Advantageously, the microresonators are paired with neighboring or at least other resonators spaced along the waveguide having slightly different resonance frequencies which bracket a central delay band of width, for example, of 20 GHz with a central frequency corresponding to the WDM wavelength. The two resonances can be tuned together but in opposite directions into or out of the central delay band. As a result, in one state, the delay at the WDM wavelength between the peaks of the two resonances, but in the other state the WDM wavelength falls on or near the top of both resonances, thus doubling the delay and providing more uniform response in view of process and control variations.
Although the serially connected, exponentially sized delay components 104 provide great flexibility, other designs are possible. For example, a single delay component having M microresonators provides a switched delay of MT, which may correspond generally to a packet length. Another optical delay unit 110, illustrated in
A single-wavelength variable queuing buffer may be satisfactory on an optical waveguide bearing a single WDM wavelength since the resonances are structurally or otherwise tailored to that wavelength. However, it may be advantageous to apply variable buffer queuing to a multi-wavelength optical waveguide to provide the capability of independently delaying the different wavelength components. Because the resonances associated with selectable delay elements are so narrow that they affect only a single WDM wavelength, different structures may be needed for the different WDM wavelengths. In one multi-wavelength embodiment, an M-stage optical buffer 114, as illustrated in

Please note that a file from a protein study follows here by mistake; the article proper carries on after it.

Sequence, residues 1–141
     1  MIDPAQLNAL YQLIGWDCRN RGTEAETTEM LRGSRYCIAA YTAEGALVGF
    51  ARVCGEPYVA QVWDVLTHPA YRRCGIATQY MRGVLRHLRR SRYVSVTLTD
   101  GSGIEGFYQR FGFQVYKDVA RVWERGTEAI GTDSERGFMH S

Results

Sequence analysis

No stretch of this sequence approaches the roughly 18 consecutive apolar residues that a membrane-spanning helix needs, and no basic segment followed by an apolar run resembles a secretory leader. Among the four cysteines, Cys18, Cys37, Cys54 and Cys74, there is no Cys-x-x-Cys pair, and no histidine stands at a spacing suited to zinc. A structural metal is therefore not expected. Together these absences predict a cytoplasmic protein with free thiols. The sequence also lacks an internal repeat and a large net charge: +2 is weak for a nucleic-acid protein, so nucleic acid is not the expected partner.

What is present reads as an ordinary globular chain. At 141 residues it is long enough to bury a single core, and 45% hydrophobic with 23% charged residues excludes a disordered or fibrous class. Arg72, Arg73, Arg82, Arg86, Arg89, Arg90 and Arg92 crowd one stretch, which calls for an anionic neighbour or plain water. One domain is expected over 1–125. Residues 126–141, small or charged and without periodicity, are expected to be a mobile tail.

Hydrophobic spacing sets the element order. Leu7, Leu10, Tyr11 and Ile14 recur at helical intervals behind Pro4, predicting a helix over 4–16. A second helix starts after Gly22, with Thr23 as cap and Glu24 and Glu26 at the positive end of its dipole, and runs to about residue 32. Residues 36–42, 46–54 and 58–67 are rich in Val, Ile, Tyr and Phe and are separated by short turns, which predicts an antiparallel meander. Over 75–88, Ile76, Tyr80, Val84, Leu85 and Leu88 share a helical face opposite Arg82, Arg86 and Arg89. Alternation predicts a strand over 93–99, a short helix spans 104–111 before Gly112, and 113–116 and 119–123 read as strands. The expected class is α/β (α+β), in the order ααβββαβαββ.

An optical router 130, functionally illustrated in the schematic diagram of
The variable multi-wavelength optical buffer 132 receives the WK single-wavelength signals from the demultiplexers 138 and separately processes them through WK single-wavelength optical delay units, such as the delay unit 100 of
The respective delayed optical signals are received by WK variable wavelength converters 140, which separately convert the wavelength of the WDM carrier while maintaining the carrier modulation bearing the packet data as well as control information, which is typically unnecessary at this point. A wavelength router 142 receives the WK wavelength-converted signals on respective input ports and routes them to respective WK output ports dependent upon the wavelength of the input signal. The wavelength router 142 may be implemented as an arrayed waveguide grating (AWG). I have explained the structure and function of this type of WDM packet switching in my U.S. Pat. Nos. 6,519,062 and 6,768,827.